>> It helps us to know which rule you are talking about though.
>>
>> --
>> Joel Esler
>> Sent from my iPhone
>>
>>> On May 18, 2014, at 6:36, "Kevin Le Gouguec" <kevin.le-gouguec at ...3904.....> wrote:
>>>
>>> Hi all,
>>>
>>> I'm playing around with Snort's downloadable rules and I found one which is easy to activate: sending a unicast ARP request. Okay, so I start injecting ARP requests, making sure the destination is not set to broadcast. And sure enough, Snort picks it up. Great, let's move on and do more complex stuff.
>>>
>>> Though, I'm not sure I understand why this rule exists at all. From what I've read most ARP spoofing/cache poisonning attacks make use of ARP replies; requests do not seem to cause anyone any trouble (here[1] for example, unicast "keep-alive" requests are even said to be a problem when implementing attacks).
>>>
>>> I found a thread[2] where Jeff Nathan explains what the ARP preprocessor does, but not why. He points at TCP/IP Illustrated's chapter 4; I skimmed through it, but I could not find a justification for this rule.
>>>
>>> So why is it suspicious for an ARP request to be unicast, when apparently in a lot of implementations this is considered a feature (e.g. ARP polling in RFC 1122 provides cache validation) ? There's a book[3] on intrusion detection focusing on Snort that says "ARP requests that are sent to a Unicast address are often the sign of an attack designed to modify ARP caches". I... can't see how?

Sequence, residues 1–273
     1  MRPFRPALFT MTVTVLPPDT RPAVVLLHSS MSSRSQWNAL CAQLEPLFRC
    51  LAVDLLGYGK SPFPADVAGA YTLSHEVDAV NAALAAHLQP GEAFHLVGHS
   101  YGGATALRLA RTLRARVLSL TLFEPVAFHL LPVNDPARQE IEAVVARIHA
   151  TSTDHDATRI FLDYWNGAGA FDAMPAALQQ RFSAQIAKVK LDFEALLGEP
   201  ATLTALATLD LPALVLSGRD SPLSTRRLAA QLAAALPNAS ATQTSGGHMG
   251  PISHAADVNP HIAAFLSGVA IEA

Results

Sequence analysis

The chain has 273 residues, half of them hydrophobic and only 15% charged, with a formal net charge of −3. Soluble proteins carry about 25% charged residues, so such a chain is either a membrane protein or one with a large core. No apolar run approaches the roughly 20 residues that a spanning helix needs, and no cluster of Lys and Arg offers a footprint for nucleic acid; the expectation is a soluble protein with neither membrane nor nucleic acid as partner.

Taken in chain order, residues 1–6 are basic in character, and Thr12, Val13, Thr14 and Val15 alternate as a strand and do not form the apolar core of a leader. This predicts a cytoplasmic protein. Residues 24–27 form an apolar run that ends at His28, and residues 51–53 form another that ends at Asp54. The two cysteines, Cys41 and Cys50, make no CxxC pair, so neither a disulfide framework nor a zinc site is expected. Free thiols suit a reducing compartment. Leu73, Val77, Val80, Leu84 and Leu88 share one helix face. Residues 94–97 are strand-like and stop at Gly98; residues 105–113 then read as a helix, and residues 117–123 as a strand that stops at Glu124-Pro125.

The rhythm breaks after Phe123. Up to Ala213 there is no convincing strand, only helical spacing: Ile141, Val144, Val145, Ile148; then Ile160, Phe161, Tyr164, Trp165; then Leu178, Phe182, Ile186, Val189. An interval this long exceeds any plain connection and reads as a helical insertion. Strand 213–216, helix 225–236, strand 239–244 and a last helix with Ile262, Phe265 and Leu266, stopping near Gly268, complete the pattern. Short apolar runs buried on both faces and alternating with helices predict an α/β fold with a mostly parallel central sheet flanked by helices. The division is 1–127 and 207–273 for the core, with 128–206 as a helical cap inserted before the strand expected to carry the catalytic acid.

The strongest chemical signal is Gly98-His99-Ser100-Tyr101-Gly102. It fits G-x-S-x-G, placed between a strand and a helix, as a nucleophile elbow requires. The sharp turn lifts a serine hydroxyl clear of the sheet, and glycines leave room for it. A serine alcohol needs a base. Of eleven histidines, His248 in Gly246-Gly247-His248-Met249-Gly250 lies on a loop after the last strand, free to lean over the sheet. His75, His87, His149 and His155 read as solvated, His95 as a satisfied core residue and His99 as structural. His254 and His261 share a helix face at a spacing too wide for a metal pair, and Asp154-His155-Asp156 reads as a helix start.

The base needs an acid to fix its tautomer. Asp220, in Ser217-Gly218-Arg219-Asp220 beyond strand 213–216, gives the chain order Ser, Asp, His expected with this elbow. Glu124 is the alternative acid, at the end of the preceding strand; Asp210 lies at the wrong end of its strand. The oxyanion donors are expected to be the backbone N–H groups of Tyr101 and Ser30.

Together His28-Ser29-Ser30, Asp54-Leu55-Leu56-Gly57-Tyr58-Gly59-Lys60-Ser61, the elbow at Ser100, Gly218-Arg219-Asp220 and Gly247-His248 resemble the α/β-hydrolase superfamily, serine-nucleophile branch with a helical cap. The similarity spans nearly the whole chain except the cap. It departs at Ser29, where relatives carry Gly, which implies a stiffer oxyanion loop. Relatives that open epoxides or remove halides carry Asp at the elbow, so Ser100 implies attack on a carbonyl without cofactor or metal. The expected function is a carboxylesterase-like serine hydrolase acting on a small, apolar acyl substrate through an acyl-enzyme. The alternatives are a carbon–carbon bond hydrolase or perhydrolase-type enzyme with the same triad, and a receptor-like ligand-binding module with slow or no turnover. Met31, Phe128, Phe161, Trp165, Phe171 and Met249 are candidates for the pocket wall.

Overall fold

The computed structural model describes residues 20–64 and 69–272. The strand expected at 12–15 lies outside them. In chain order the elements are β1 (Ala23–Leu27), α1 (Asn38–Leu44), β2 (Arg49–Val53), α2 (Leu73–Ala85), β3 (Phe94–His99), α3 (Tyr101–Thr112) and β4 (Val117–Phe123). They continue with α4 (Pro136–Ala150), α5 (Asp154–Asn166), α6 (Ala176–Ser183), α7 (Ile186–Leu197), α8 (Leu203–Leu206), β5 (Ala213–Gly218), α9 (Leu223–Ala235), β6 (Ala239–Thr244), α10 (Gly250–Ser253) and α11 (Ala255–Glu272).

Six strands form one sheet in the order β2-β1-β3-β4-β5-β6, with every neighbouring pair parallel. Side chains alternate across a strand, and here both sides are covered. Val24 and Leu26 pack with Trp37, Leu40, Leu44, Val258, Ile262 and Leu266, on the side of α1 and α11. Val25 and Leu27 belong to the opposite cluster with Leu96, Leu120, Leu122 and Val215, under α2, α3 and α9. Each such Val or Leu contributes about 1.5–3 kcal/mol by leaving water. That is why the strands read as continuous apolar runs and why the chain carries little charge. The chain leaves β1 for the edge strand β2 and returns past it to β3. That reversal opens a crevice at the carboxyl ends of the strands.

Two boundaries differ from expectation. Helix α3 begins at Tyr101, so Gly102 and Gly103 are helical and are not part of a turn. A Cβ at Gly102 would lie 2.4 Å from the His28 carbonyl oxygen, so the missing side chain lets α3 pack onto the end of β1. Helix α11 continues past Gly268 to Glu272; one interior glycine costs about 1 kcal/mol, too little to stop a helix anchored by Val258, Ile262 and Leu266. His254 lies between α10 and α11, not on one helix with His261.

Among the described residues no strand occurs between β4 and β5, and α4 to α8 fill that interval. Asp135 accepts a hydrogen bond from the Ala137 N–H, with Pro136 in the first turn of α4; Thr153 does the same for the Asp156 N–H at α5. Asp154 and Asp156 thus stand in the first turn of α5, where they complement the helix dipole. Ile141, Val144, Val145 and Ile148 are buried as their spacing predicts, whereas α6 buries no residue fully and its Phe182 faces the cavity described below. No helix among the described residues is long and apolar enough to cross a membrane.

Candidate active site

>>>
>>> Then again, I don't have much experience with network security so I guess I'm not thinking creatively enough.
>>>
>>>
>>>
>>> [1] http://insecure.org/sploits/arp.games.html ("What can be done", paragraph 5)
>>> [2] http://sourceforge.net/p/snort/mailman/message/15537465/
>>> [3] http://books.google.fr/books?id=sVqEFXjbcRoC&pg=PA162&lpg=PA162&dq=arpspoof+unicast&source=bl&ots=D3LwL4dWB8&sig=FTkey-EGTw7s5e9Uhlf4mS_fjVw&hl=en&sa=X&ei=HTl2U67xNJDR4QTt7YHYAw&ved=0CEwQ6AEwBw#v=onepage&q=arpspoof%20unicast&f=false
>>>
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>
>
>
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-- 
Patrick Mullen
Response Research Manager
Sourcefire VRT